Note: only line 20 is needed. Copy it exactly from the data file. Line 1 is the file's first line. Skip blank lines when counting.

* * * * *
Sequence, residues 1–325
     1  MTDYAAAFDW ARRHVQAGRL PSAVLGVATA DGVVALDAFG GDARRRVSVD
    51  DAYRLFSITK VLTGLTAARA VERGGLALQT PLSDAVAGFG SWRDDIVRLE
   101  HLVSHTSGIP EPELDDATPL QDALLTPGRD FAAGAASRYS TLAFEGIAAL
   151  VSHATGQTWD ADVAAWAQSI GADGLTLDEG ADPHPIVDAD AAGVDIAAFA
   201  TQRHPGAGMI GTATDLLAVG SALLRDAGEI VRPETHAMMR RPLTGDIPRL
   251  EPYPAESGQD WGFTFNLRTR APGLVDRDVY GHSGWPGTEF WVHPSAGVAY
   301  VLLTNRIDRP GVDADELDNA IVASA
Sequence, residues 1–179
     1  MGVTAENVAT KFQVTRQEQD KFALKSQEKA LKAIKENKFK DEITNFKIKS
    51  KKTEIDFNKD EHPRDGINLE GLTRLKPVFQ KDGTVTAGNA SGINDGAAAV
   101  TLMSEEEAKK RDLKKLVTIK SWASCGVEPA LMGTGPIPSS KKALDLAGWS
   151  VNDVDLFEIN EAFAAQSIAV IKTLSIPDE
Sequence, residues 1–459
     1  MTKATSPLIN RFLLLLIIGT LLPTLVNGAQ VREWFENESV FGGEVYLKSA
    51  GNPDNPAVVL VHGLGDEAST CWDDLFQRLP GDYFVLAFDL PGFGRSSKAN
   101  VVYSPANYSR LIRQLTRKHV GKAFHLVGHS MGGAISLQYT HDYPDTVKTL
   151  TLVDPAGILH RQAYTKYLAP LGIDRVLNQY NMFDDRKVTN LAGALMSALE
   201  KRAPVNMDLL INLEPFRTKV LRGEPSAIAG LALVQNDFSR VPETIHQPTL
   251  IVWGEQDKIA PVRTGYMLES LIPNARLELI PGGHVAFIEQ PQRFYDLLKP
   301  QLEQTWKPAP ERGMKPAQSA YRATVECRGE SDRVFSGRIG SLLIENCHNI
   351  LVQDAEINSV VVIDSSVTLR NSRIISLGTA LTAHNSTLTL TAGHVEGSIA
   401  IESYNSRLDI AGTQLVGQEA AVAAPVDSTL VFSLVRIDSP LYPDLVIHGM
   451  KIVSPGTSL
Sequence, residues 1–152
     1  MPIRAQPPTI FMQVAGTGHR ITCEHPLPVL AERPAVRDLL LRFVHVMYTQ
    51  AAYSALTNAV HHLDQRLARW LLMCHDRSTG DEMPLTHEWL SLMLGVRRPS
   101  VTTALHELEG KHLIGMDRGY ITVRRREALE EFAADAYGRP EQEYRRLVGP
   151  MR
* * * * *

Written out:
   251  IVWGEQDKIA PVRTGYMLES LIPNARLELI PGGHVAFIEQ PQRFYDLLKP